How to Read Your Dog's Body Language

small white long-haired dog posing on a white background


Do you wonder what your dog is thinking or saying? While dogs can't communicate with us using words, they often communicate through barking, growls, or whimpers. Their body language can speak volumes about how they are feeling as well. 

Let's start with tail wagging. As most of you know, tail wagging often means your dog is excited. When your dog gets really happy or excited, their tail may wag in a circular motion, also known as a helicopter tail wag. This happy wag is often seen when a dog greets someone they know and love. 

The position of your dog's tail can also send nonverbal cues. The higher the tail is, the more alert or dominant your dog could be. When your dog is relaxed, their tail will be in a neutral position, the neutral position varies between breeds. When the tail is in a downward or between their legs, your dog may be feeling stressed or fearful. Provide your furry loved one with some extra love in times when they might be fearful or stressed.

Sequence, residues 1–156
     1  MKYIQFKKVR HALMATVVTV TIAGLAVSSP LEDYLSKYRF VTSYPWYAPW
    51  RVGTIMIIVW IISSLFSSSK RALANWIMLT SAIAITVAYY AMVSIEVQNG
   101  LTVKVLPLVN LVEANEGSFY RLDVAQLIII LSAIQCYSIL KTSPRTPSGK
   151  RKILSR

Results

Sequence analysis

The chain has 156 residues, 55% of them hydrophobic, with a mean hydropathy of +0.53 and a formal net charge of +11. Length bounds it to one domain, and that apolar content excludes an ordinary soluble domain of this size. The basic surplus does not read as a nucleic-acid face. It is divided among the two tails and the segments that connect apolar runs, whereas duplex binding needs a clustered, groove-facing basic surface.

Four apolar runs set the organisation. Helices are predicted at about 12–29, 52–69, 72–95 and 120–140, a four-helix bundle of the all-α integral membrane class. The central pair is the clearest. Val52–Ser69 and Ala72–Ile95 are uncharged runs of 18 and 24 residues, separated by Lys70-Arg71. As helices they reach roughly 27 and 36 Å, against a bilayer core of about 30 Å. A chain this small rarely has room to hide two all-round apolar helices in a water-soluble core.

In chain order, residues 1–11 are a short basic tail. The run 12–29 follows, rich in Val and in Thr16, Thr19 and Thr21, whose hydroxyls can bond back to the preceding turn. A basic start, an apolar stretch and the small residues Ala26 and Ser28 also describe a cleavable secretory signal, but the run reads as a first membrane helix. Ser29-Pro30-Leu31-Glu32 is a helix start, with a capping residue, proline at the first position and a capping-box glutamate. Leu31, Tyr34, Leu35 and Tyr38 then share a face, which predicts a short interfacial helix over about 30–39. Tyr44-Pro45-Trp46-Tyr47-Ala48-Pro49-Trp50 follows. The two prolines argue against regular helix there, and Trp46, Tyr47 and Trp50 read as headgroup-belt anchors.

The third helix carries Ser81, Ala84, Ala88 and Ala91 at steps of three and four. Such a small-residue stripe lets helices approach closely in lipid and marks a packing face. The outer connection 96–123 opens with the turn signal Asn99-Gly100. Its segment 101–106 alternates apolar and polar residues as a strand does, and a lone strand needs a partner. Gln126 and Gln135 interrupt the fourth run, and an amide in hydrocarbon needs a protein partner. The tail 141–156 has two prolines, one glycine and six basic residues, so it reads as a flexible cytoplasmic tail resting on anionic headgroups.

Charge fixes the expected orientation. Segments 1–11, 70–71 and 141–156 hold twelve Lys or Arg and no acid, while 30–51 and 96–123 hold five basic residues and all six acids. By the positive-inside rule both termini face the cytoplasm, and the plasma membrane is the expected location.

Did you know depending on your dog, the raising of the hair on their back could mean they are excited or it could mean they are stressed or angry? The raising of the hair on their back, shoulders, or other areas is often an involuntary reaction dogs have to a certain emotion. 

Next, let's talk about dog postures. Dogs have many different postures and while all dogs are different, in general here's what each posture means. If your dog is hunched over, they are likely feeling scared, stressed or fearful. If your dog is leaning or shifting their weight forward, they might simply have something peaking their interest or it could be a sign of aggression. The pounce position is often a playful position. Dogs use this position to initiate play with you or other dogs. 

Next, let's talk about your dog's yawn. Dogs can yawn for multiple reasons. Often it is because they are tired or bored. 

Last, let's talk about the dog's smile and showing their teeth. This is often a confusing body language to understand because some dogs do this to indicate they are happy or enjoying something, while other dogs do it as a sign of aggression. 

We hope this taught you something new but we know at the end of the day, you know your dog best :)

If you would like more information in how our supplement can help your dog, please reach out. 

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